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American College of Rheumatology issues recommendations on prescribing drugs for rheumatoid arthritis

Individuals who are diagnosed with rheumatoid arthritis are often prescribed drugs that suppress the immune system and slow the progression of joint damage that the disease causes. Called disease-modifying antirheumatic drugs (DMARDs), they can be taken by mouth or injection. Oral medications can be combined with one another or with injected DMARDs. Biologic DMARDs are a subset of the DMARDs; they are specialized proteins that suppress the immune system in a more targeted manner.

Because biologic DMARDs are increasingly being used, the American College of Rheumatology (ACR) updated its previous recommendations for the use of DMARDs, last issued in 2002. Researchers first completed a systematic literature review of scientific evidence. Following the five areas prespecified by the ACR, they examined indications for use, monitoring for side effects, assessing the clinical response, the roles of cost and patient preferences in decisionmaking, and the need for tuberculosis (TB) screening with use of biologic DMARDs.

Using this information, a core expert panel developed recommendations that a task force panel then critiqued and rated. They examined indications for starting or resuming five oral DMARDs (hydroxychloroquine, leflunomide, methotrexate, minocycline, and sulfasalazine) and five biologic DMARDs (abatacept, adalimumab, etanercept, infliximab, and rituximab). Drug contraindications-including infectious diseases, pregnancy, surgery, cardiac, hematologic, cancer, liver, renal, and neurologic adverse events-were also examined.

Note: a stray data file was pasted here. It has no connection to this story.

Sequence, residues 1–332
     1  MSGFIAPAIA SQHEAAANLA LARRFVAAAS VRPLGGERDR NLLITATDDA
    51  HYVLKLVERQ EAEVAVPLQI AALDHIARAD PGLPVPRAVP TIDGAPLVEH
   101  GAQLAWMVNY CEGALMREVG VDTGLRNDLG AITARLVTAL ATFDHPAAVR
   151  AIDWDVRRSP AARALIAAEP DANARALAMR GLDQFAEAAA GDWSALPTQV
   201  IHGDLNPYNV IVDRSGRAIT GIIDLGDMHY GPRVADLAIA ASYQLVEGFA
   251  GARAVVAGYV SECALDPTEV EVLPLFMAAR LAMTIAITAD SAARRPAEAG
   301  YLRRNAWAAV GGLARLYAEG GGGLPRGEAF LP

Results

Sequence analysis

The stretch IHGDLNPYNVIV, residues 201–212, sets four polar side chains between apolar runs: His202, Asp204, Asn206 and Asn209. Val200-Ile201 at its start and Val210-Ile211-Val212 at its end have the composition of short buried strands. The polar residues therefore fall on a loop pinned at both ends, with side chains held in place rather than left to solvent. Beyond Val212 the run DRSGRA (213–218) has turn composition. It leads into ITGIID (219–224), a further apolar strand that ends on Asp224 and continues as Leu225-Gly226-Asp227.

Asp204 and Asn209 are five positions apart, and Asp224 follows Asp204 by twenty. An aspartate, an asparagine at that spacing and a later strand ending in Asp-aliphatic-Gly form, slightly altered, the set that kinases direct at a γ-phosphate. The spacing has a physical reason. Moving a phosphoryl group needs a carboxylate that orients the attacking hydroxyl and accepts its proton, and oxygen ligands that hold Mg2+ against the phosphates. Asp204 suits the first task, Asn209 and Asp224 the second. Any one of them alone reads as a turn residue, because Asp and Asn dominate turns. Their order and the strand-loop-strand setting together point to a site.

Recommendations included obtaining a baseline blood count, liver transaminase levels, and serum creatinine levels for any patient receiving DMARDs. Immunizations for influenza and pneumococcal vaccinations were recommended before starting most of these drugs. Patients about to embark on biologic DMARDs should also be screened for latent TB infection because of a higher incidence of TB following therapy with certain DMARDs.

This study was funded in part by a grant to the University of Alabama Center for Education and Research on Therapeutics (CERT) from the Agency for Healthcare Research and Quality (HS10389).

For more information on the CERTs program, please visit http://www.ahrq.gov

See "American College of Rheumatology 2008 recommendations for the use of nonbiologic and biologic disease-modifying antirheumatic drugs in rheumatoid arthritis," by Kenneth G. Saag, M.D., M.Sc., Gim Gee Teng, M.D., Nivedita M. Patkar, M.D., M.S.P.H., and others in the June 15, 2008, Arthritis & Rheumatism (Arthritis Care & Research) 59(6), pp. 762-784.

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